A contract for difference (or CFD) is a contract between two parties, typically described as "buyer" and "seller", stipulating that the seller will pay to the buyer the difference between the current value of an asset and its value at contract time. (If the difference is negative, then the buyer pays instead to the seller.) For example, when applied to equities, such a contract is an equity derivative that allows investors to speculate on share price movements, without the need for ownership of the underlying shares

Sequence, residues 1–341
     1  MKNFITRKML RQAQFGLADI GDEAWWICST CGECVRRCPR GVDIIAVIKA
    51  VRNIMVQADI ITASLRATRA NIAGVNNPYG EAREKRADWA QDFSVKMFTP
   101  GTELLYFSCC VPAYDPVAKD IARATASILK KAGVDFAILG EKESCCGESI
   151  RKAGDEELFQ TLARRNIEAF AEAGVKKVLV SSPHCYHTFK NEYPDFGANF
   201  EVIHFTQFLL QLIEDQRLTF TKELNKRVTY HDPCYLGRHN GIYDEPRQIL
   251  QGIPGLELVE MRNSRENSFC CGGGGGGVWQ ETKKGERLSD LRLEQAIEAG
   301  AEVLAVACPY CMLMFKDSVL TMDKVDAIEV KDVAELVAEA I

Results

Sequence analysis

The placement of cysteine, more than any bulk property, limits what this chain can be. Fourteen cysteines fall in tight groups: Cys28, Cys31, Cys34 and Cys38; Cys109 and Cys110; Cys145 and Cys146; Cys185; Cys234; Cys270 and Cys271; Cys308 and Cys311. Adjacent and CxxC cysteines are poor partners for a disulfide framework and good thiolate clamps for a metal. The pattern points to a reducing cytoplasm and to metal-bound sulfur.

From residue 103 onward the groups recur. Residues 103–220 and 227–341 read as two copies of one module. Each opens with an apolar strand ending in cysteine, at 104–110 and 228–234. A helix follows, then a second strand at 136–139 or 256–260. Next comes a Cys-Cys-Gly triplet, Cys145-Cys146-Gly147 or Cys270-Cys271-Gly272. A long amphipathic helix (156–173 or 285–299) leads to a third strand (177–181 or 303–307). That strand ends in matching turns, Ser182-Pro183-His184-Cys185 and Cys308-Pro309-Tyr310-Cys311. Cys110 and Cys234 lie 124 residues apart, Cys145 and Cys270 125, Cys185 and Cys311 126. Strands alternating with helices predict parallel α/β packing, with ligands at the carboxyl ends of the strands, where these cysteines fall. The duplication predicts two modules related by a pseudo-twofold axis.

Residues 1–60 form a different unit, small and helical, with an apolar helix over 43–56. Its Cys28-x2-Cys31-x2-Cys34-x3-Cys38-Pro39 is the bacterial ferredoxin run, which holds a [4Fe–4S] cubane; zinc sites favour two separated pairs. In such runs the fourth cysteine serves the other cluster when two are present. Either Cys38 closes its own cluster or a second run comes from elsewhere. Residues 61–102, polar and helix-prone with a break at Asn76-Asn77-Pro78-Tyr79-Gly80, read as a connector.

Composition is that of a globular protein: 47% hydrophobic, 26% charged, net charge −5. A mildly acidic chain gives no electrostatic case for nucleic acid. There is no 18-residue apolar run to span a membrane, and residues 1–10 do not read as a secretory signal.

Exchange Traded CFDS are a new form of contract for difference that are traded through an exchange based mechanism. Current CFD providers focus on either the direct market access CFD or market maker models]. This new development was launched in November 2007 on the Australian Securities Exchange (ASX). There were originally 12 brokers offering ASX CFDs, which has now been reduced to the following four brokers - Morrisons, Bell Potter, Commonwealth Securities and Sentinel.